High blood pressure affects nearly 70 million adults, and only about half of those people are able to keep their high blood pressure under control. High blood pressure can lead to more serious cardiovascular complications, stroke and even death.
Sprained ankles are among the most common injuries—an estimated 25,000 Americans suffer a sprained ankle every day, and sprained ankles account for nearly half of all sports-related injuries. Because they are so common, a sprained ankle isn’t considered very serious. But is there more to a sprained ankle than we might think?
It sounds like something out of a science-fiction novel, but many people are turning to cryotherapy to alleviate chronic pain, slow aging and even treat some cancers.
If you have ever had to see a physical therapist, you know just how important physical therapy can be in addressing pain and mobility issues. Since 1992, October has been designated as National Physical Therapy Month to raise awareness about physical therapy and its role in helping people stay healthy and improve function.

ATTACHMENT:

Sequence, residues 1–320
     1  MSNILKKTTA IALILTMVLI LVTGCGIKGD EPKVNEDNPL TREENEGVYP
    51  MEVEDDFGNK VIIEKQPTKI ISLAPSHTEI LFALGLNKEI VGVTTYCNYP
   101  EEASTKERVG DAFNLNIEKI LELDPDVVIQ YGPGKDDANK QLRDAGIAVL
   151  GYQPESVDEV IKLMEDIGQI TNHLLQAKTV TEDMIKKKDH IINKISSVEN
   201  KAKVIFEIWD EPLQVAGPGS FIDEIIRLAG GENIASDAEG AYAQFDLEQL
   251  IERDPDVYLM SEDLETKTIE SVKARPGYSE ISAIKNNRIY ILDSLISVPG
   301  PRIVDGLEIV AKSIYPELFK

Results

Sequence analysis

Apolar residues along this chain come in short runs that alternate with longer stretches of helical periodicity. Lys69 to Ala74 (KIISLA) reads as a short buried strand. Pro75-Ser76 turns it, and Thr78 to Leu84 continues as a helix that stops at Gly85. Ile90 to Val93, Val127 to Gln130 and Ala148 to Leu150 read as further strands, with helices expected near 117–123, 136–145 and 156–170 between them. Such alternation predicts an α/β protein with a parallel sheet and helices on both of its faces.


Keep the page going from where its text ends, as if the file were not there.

“Physical therapy” is an umbrella term for a number of specialties that address a wide variety of health problems and injuries. Do you know the differences between the types of physical therapy available?
Here’s our guide to the most common forms of physical therapy.
Your knees take a beating day in and day out. Every step you take puts a force equal to 1.5 times your bodyweight on your knees—and that’s when you’re walking on level ground. That force is greater on an incline, and even an activity as simple as squatting to tie your shoelace puts a force equal to four or five times your bodyweight on your knees.
Though less common than back pain, neck pain affects an estimated 45 percent of adults in the U.S. There are different classifications and causes of neck pain, and in some cases, neck pain can be preventable. Neck pain is generally classified as either acute pain or chronic pain.